Russian Medical Review
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Potentialities of modern glucose monitoring 
devices during pregnancy

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DOI: 10.32364/2587-6821-2020-4-6-352-357

F.O. Ushanova, T.Yu. Demidova

Pirogov Russian National Research Medical University, Moscow, Russian Federation

Currently, the management of pregnant women with carbohydrate metabolism disorders is challenging due to the high risk of unfavorable events both for the mother and the child even in insignificant deviations from the target value. In addition to the conventional methods of self-monitoring, continuous glucose monitoring (CGM) is an important tool to control diabetes. CGM in pregnant women provides the detailed information on the type and trends of the changes in blood glucose levels and the fluctuations of glucose levels and also identifies the episodes of latent nocturnal hypoglycemia and postprandial hyperglycemia. The analysis of CGM data allows for correcting insulin therapy, taking a decision on its initiation, and modifying diet and exercise plan. Multiple studies demonstrate the efficacy of CGM in terms of compensating manifest diabetes. As to gestational diabetes, the eligibility of modern glucose monitoring technologies for the prevention of various complications is st ill controversial. Further studies on the potential use of these devices in gestational diabetes could provide a basis for increasing their application in routine clinical practice. This will improve the management of pregnant women with carbohydrate metabolism disorders.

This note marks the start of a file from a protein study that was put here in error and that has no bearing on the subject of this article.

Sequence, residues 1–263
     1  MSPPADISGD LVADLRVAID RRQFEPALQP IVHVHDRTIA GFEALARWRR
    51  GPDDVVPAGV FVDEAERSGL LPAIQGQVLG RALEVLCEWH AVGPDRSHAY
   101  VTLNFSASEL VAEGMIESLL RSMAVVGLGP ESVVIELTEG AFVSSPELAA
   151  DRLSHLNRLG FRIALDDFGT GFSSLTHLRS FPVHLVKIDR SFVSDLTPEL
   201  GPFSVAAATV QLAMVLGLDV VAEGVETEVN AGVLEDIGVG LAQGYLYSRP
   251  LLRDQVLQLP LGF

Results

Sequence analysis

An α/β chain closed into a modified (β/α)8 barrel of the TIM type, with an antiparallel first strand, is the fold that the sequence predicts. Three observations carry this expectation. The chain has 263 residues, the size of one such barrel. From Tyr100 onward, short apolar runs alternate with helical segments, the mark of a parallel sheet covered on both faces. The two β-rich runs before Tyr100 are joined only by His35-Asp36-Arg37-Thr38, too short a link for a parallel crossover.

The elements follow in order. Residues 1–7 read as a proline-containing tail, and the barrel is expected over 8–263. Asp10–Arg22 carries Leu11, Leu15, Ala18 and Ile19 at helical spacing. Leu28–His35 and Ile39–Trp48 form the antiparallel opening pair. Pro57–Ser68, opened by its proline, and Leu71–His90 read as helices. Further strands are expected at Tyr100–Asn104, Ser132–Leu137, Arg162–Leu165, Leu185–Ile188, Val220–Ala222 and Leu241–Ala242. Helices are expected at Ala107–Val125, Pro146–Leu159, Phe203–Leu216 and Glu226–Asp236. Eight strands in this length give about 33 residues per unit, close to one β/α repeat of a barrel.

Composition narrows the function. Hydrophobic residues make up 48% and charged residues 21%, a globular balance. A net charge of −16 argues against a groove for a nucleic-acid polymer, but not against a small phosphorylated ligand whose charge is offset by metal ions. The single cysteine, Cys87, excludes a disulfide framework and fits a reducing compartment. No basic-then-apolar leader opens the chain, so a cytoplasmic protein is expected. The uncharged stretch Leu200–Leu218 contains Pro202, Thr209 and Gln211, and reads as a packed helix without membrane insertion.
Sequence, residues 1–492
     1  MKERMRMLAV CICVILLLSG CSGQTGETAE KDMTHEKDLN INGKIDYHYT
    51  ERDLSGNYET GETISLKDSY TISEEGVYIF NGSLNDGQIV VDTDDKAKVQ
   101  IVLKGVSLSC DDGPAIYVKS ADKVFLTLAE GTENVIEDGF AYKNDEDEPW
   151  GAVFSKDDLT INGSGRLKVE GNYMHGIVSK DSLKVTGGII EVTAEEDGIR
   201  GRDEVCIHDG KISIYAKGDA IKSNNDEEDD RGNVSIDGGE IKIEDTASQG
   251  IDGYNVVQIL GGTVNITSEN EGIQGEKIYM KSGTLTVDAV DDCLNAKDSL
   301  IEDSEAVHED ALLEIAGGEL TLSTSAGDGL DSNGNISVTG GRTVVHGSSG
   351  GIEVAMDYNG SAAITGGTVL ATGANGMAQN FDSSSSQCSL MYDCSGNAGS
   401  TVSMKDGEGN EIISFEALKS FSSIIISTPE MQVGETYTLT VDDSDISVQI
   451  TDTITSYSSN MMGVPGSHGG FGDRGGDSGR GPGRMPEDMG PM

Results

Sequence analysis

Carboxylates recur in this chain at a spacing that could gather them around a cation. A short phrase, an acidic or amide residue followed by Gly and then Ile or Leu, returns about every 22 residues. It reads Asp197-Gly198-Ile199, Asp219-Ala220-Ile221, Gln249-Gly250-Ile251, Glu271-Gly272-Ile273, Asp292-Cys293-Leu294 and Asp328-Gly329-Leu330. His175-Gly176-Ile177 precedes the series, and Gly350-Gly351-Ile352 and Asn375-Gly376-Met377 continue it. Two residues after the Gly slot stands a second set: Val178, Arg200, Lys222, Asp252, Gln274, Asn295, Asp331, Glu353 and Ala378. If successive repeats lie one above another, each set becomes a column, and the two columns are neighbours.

Keywords: diabetes, gestational diabetes, continuous glucose monitoring, flash monitoring, pregnancy, macrosomia, self-monitoring.

For citation: Ushanova F.O., Demidova T.Yu. Potentialities of modern glucose monitoring  devices during pregnancy. Russian Medical Inquiry. 2020;4(6):352–357. DOI: 10.32364/2587-6821-2020-4-6-352-357.


The management of pregnant women with carbohydrate metabolism disorders is still challenging due to high disease control requirements. Even insignificant deviations fr om the target values during pregnancy have certain risks. On the one hand, diabetes is associated with various obstetric conditions and the abnormalities of fetal growth. On the other hand, pregnancy can make diabetes worse by increasing the risks of the development and progression of diabetes complications thus requiring careful monitoring throughout the pregnancy [1].